“There are many lies,” said Mrs. Bernard. ‘Like she’s ‘like her father’, in quotes, but she’s the complete opposite. Her father” – Jean-Marie Le Pen, a former presidential candidate and longtime leader of the far-right Front National – “was completely racist. She is not. She wants everyone to respect our ways. When you go to Africa, you respect African law. Her dad just wanted to kick them all out.”
Such views are not uncommon, especially in small towns in France with little to no immigration. In fact, 15 years after her father’s last presidential election, Ms. Le Pen has not significantly deviated from his views on immigration, even though she has renamed the party in what was seen as an attempt to distance himself from him and broaden the base. She wants asylum seekers to be treated abroad and has said her first act as president will be to propose a referendum on immigration.
In La Roche-en-Brenil, a town of nearly 900 people, I spoke to a 34-year-old mother of five, Chloé Odermatt, who was pushing a pram with her 3-month-old baby. She said she would vote for Ms. Le Pen and was pleased that she suggested tightening controls on granting immigrants access to state services. “A lot of them are taking advantage of the system and are not integrated in France,” she told me.
This election has further blurred the traditional divide between left and right in France. Ms. Le Pen has managed to broaden her consensus by combining far-right stances on immigration with a left-wing defense of government spending and social security. Her message has resonated even with younger voters like Ms. Bernard — she has pledged to abolish income taxes on those under 30 — and her once-extreme stances seem less so now that the center-right has also adopted much of the same rhetoric, especially on national-identity issues. Help also came from Éric Zemmour, whose inflammatory statements made her appear more moderate.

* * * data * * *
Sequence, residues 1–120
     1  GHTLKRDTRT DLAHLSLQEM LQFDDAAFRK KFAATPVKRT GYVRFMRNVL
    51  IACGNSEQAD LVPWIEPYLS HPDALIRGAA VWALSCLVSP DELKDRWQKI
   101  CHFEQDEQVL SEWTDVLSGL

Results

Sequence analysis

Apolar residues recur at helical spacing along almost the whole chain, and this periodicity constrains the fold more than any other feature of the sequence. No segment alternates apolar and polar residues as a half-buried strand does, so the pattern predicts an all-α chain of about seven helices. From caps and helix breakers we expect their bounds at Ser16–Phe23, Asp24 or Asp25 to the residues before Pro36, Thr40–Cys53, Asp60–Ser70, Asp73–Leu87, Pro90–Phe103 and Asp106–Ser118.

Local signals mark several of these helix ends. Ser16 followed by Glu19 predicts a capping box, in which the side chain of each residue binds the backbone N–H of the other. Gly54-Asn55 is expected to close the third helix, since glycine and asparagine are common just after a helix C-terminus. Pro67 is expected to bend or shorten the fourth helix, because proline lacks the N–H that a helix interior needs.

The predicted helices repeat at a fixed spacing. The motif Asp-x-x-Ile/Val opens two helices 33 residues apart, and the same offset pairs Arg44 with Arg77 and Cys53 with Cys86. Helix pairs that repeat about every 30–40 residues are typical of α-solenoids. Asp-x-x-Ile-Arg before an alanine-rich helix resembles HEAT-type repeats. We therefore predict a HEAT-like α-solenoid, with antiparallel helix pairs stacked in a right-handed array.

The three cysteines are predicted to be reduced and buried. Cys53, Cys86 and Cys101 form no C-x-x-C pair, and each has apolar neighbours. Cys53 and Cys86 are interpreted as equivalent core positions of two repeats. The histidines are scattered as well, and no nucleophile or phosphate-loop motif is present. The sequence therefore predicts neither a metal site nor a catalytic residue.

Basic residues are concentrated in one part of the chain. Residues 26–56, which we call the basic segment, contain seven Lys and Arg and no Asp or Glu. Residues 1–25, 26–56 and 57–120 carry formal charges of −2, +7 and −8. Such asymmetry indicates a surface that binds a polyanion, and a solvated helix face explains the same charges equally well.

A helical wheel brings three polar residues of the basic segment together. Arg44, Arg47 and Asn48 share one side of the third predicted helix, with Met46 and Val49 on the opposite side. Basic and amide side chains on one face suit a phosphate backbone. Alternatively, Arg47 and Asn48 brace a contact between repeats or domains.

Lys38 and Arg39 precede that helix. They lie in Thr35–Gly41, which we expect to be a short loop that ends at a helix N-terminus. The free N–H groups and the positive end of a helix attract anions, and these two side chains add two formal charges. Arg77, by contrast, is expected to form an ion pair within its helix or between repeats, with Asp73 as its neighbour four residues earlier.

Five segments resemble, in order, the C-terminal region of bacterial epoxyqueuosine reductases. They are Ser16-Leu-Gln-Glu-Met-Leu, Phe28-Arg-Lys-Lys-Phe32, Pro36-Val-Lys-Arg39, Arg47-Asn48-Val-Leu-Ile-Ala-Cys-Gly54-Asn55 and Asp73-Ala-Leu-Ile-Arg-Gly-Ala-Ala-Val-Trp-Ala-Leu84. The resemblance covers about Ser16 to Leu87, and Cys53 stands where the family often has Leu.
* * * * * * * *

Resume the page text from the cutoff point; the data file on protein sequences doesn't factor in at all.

All over Burgundy, Le Pen voters kept telling me they wanted Macron out because prices kept rising and salaries weren’t keeping up. In La Roche-en-Brenil, I asked a Le Pen supporter if that was all Mr Macron’s fault. “Well, it’s not mine,” said Thierry Chenier, 50. “We tried right; that didn’t work. We tried left; that didn’t work. Maybe we should try the far right, with a woman in power.”
Macron won the election in 2017 and told France it had to change, by enacting labor reforms that make it easier for companies to hire and fire people. The unemployment rate fell to its lowest point in 13 years, but at the same time Mr Macron signaled that jobs were not as secure as they once were. This heightened the fears. The Le Pen voters I spoke to said they wanted change, but most of all they seemed to want conservation — keep their lower retirement age, raise pensions, lower their cost of living. The change they want could in fact be a status quo that Mr Macron has said is no longer tenable.
And yet he has made great efforts to support the economy. During the pandemic, Macron’s government pledged to spend “whatever it takes” to support businesses. He quickly began reopening schools and helping employers keep workers on leave so they could return to work once the lockdowns were over. Still, it’s hard to win by saying, “Imagine how much worse things could have been.”